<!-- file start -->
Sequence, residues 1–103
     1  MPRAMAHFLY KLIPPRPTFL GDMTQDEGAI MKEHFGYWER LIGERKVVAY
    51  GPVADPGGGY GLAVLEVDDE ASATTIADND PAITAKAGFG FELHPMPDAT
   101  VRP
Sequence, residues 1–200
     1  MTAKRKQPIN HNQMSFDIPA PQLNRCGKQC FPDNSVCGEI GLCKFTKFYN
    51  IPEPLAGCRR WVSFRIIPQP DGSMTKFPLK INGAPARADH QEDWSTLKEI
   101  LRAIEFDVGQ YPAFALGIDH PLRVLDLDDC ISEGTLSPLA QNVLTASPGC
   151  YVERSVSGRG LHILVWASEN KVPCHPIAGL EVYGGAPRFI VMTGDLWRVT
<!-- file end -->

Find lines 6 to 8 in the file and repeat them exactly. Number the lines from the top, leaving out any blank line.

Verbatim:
     1  MTAKRKQPIN HNQMSFDIPA PQLNRCGKQC FPDNSVCGEI GLCKFTKFYN
    51  IPEPLAGCRR WVSFRIIPQP DGSMTKFPLK INGAPARADH QEDWSTLKEI
   101  LRAIEFDVGQ YPAFALGIDH PLRVLDLDDC ISEGTLSPLA QNVLTASPGC